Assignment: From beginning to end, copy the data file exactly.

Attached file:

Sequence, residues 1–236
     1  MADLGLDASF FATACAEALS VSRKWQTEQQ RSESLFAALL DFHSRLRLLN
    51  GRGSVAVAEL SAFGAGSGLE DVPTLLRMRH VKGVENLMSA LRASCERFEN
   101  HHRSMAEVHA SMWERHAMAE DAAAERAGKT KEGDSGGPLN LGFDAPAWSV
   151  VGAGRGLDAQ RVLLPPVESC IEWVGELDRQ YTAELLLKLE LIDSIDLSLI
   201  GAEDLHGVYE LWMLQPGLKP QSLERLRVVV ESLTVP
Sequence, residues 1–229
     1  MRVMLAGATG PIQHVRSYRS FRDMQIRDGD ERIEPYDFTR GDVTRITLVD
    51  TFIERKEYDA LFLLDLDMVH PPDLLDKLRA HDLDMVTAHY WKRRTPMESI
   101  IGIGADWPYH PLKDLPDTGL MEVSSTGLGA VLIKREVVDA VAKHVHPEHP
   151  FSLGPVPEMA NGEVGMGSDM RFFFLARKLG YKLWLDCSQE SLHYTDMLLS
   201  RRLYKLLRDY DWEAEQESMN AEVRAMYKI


Sequence, residues 1–236
     1  MADLGLDASF FATACAEALS VSRKWQTEQQ RSESLFAALL DFHSRLRLLN
    51  GRGSVAVAEL SAFGAGSGLE DVPTLLRMRH VKGVENLMSA LRASCERFEN
   101  HHRSMAEVHA SMWERHAMAE DAAAERAGKT KEGDSGGPLN LGFDAPAWSV
   151  VGAGRGLDAQ RVLLPPVESC IEWVGELDRQ YTAELLLKLE LIDSIDLSLI
   201  GAEDLHGVYE LWMLQPGLKP QSLERLRVVV ESLTVP
Sequence, residues 1–229
     1  MRVMLAGATG PIQHVRSYRS FRDMQIRDGD ERIEPYDFTR GDVTRITLVD
    51  TFIERKEYDA LFLLDLDMVH PPDLLDKLRA HDLDMVTAHY WKRRTPMESI
   101  IGIGADWPYH PLKDLPDTGL MEVSSTGLGA VLIKREVVDA VAKHVHPEHP
   151  FSLGPVPEMA NGEVGMGSDM RFFFLARKLG YKLWLDCSQE SLHYTDMLLS
   201  RRLYKLLRDY DWEAEQESMN AEVRAMYKI